Research shows that if you are sleep deprived, you could be negatively impacting your memory.

For example, one study looked at the effects of sleep in 40 children between the ages of 10 and 14.

One group of children was trained for memory tests in the evening, then tested the following morning after a night’s sleep. The other group was trained and tested on the same day, with no sleep between training and testing.

The group that slept between training and testing performed 20% better on the memory tests.

Another study found that nurses working the night shift made more mathematical errors and that 68% of them scored lower on memory tests compared to nurses working the day shift.

Health experts recommend adults get between seven and nine hours of sleep each night for optimal health.

  1. Drink Caffeine Strategically

Caffeine is a mind-altering drug. People often have it to increase productivity and memory. And while it is helpful, too much of it can leave you feeling irritable, anxious, or addicted. Given that it is addictive it’s important to drink it strategically.

  1. Drink Less Alcohol

Consuming too many alcoholic beverages can be detrimental to your health in many ways and can negatively impact your memory.

Binge drinking is a pattern of drinking that raises your blood alcohol levels to 0.08 grams per ml or above. Studies have shown it alters the brain and results in memory deficits.

A study of 155 college freshmen found that students who consumed six or more drinks within a short period of time, either weekly or monthly, had difficulties in immediate and delayed memory-recall tests compared to students who never binge drank.

Alcohol exhibits neurotoxic effects on the brain. Repeated episodes of binge drinking can damage the hippocampus, a part of the brain that plays a vital role in memory.

While having a drink or two now and then is perfectly healthy, avoiding excessive alcohol intake is a smart way to protect your memory.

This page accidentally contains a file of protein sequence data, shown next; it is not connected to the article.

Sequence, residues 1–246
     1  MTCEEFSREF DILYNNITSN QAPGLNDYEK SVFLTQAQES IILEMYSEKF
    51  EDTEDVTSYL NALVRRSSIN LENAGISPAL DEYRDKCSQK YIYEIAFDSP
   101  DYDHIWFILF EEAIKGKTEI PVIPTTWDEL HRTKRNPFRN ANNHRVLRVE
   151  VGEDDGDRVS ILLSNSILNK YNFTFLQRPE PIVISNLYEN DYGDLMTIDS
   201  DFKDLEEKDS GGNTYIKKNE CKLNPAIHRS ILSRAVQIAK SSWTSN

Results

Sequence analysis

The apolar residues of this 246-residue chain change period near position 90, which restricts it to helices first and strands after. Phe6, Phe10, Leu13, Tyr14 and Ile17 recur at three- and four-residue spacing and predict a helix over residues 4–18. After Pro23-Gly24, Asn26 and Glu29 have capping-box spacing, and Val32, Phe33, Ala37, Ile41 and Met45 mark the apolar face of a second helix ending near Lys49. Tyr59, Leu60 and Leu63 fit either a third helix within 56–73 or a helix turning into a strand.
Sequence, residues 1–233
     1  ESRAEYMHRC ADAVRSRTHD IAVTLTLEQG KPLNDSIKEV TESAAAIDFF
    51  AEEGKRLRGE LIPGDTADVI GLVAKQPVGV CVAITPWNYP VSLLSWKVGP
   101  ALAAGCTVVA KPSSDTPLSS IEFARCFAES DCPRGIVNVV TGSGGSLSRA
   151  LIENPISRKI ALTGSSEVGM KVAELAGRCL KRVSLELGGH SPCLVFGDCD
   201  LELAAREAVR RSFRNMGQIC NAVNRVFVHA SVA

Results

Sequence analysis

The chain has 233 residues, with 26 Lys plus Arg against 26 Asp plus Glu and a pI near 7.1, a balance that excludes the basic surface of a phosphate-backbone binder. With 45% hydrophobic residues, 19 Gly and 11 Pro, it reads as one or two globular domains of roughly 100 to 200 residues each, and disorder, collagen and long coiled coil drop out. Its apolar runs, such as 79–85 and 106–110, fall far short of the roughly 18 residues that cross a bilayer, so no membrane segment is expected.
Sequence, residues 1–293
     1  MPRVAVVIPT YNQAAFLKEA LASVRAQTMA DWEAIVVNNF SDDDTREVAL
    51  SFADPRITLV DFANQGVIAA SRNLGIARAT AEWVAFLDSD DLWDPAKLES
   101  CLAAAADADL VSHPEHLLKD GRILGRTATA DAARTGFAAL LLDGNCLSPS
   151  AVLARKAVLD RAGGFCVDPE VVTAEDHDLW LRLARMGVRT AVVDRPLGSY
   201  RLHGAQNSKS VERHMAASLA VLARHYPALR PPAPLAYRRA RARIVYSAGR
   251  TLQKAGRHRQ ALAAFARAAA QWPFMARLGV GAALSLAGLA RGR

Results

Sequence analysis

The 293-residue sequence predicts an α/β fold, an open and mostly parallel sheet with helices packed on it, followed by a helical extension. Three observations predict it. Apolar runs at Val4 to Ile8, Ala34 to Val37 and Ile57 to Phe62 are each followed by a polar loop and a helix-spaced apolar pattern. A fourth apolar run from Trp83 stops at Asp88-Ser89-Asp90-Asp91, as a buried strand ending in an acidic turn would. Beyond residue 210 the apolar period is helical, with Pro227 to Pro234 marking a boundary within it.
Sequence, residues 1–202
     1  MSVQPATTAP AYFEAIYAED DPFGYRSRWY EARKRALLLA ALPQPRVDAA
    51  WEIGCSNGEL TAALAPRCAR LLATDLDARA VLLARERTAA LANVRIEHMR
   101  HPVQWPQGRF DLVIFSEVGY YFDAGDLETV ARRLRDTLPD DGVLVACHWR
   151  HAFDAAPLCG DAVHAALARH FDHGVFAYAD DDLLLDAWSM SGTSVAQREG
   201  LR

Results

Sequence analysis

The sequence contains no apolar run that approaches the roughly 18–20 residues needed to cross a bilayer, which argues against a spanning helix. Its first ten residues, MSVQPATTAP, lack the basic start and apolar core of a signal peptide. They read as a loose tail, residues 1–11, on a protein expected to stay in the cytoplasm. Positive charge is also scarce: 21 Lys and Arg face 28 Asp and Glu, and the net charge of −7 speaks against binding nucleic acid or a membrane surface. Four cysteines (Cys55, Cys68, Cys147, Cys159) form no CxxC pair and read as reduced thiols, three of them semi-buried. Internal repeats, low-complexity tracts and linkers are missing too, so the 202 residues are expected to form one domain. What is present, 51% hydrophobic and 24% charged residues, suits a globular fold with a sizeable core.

1. Exercise More

Exercise is important for overall physical and mental health.

Research has established that it’s beneficial for the brain and may help improve memory in people of all ages, from children to older adults.

For example, a study of 144 people aged 19 to 93 showed that a single bout of 15 minutes of moderate exercise on a stationary bike led to improved cognitive performance, including memory, across all ages.

Many studies have shown exercise may increase the secretion of neuroprotective proteins and improve the growth and development of neurons, leading to improved brain health.

Regular exercise in midlife is also associated with a decreased risk of developing dementia later in life.

  1. Quit Smoking

A drag on your cigarette releases millions of free radicals (unattached oxygen molecules) which kill brain cells. Smoking too much can increase your risk of Alzheimer’s and dementia.

  1. Take Essential Oils for Instant Memory Boost

Essential oils are naturally occurring volatile compounds extracted from plants. A few of them are known for their ability to give instant memory boosts. For instance, rosemary and peppermint can help keep you alert and improve memory.

There are many fun, simple and even delicious ways to improve your memory.

Exercising your mind and body, enjoying a quality piece of chocolate and reducing the amount of added sugar in your diet are all excellent techniques.

Try adding a few of these science-backed tips to your daily routine to boost your brain health and keep your memory in top condition.